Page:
So says the Daily NK of recent events in the northeastern city of Chongjin, a frequent venue for reports of anti-government sentiment:
A source in North Hamgyung Province told Daily NK on January 19, “During the mourning period, one official from the provincial NSA, one from the prosecutor’s office and two from the People’s Safety Agency were murdered in Cheongjin. The source added, “There was a note found lying next to the body of the executed NSA official which said “˜Punished in the name of the people.'”
North Korean authorities have not released the identities of the victims or any information about the case fearing public disturbances, but authorities are said to be using all resources at their disposal to find the people responsible. The Defense Security Command is helping the other three agencies with the investigation, while a report on the murders has been elevated to the Central Party in Pyongyang.
In December 2010, also in Cheongjin, the retired head of the PSA office in the Sunam district died after being attacked on the street by an unknown assailant. This however is the first time that active serving officers have been slain. The likelihood seems to be that the murders were planned by somebody with a political motive rather than a personal grudge.
The source revealed that bureaucrats in North Hamgyung Province are shocked by the incident. “On the outside they’re furious, saying they’re going to track down the person responsible and torture them, but at the same time they don’t seem to know what to do.
“The fact that privileged officials were killed right under the government’s noses, and while there were special patrols in place for the mourning period, means that the lower down the hierarchy you look bureaucrats are more anxious,” the source said.
The reaction from citizens who are aware of the incident is mostly positive, with some saying “˜they deserved it’, although such encouragement is tempered by concerns that this case will lead to even more stringent controls on the public. There are even rumors spreading that it may have been perpetrated by members of the military, given the bold nature of the crime and the skills required to carry it out. [Daily NK]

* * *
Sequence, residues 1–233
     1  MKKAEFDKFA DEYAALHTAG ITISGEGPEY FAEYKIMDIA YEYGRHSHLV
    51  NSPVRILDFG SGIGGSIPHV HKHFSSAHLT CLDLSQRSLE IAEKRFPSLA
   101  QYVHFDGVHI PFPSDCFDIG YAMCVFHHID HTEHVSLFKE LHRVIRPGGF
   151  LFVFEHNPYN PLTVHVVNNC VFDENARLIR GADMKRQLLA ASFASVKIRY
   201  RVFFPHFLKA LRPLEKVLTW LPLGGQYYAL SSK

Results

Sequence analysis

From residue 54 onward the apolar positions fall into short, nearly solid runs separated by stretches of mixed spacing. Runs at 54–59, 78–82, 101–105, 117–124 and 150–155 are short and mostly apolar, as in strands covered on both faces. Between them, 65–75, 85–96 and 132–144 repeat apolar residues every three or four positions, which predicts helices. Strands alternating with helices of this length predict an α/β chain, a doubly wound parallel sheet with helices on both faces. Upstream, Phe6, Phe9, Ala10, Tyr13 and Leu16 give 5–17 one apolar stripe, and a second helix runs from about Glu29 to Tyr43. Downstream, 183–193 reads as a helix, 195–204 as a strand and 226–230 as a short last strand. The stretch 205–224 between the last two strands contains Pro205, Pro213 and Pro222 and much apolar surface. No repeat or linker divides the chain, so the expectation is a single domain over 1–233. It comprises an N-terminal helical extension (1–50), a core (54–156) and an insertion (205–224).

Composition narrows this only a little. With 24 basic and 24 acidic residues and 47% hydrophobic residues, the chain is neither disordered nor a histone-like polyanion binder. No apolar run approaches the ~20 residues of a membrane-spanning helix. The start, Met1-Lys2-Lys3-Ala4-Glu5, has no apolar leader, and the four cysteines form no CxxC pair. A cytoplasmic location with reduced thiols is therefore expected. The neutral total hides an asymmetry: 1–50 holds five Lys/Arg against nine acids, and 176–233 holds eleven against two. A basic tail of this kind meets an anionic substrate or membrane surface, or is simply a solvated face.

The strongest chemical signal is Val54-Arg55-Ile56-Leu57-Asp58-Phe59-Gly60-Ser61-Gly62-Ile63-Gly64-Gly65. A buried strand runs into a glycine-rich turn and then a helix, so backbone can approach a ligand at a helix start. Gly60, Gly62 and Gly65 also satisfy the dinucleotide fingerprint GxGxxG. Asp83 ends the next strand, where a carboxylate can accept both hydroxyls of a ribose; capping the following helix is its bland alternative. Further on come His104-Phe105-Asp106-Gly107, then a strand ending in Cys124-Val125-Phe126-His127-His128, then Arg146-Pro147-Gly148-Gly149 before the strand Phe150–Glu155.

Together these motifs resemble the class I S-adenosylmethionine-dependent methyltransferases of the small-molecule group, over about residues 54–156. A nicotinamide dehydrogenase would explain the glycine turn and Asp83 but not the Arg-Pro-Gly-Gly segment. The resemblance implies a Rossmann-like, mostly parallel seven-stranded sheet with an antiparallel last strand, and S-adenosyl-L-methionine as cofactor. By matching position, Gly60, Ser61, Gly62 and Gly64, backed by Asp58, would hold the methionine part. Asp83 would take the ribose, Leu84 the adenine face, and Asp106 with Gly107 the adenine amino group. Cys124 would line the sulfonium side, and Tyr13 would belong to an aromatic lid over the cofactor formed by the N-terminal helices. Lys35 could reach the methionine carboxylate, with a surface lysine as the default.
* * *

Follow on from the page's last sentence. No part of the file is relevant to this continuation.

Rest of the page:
There’s obviously no way to verify any of this, of course. According to the report and the rumors on which it’s based, the regime doesn’t know who did this, so it has sealed off the entire city to investigate (that part shouldn’t be so hard to verify). This is not the first report we’ve heard about North Koreans attacking secret police recently. Not even a made guy is protected anymore.
Not that you were wondering, but would I condone this sort of thing? Why, yes I would! Certainly there isn’t any democratic or non-violent way for North Koreans to protect themselves against this regime as they try to eke out some kind of living despite it. It’s not like Ban Ki-Moon is going to so much as say a supportive word on their behalf — if the man isn’t in Beijing’s pocket, he certainly fooled me. Whoever wrote the headline for Liz Sly’s latest report from Syria really put it best: “In Syria, world inaction fuels armed revolt.” Eventually, the same thing will happen in North Korea, right on China’s border, and China will only have itself to blame for letting the political and social pressures build to explosive levels. The odds are fair to good that China, seeking stability at all costs, will intervene and find itself in the middle of a messy insurgency that would catalyze the formation of a regional anti-Chinese military alliance and become a focal point for political dissent within China itself, but I digress. As I once read somewhere, when government becomes destructive of the lives, liberty, and happiness of the people, it is the right of the people to alter or abolish it. I realize that some people who inhabit this planet’s comfort zones will insist that the North Korean people, despite the lack of alternatives before them, have no right to resort to violent resistance. But those people are obviously American exceptionalists.
Hat tip to a reader.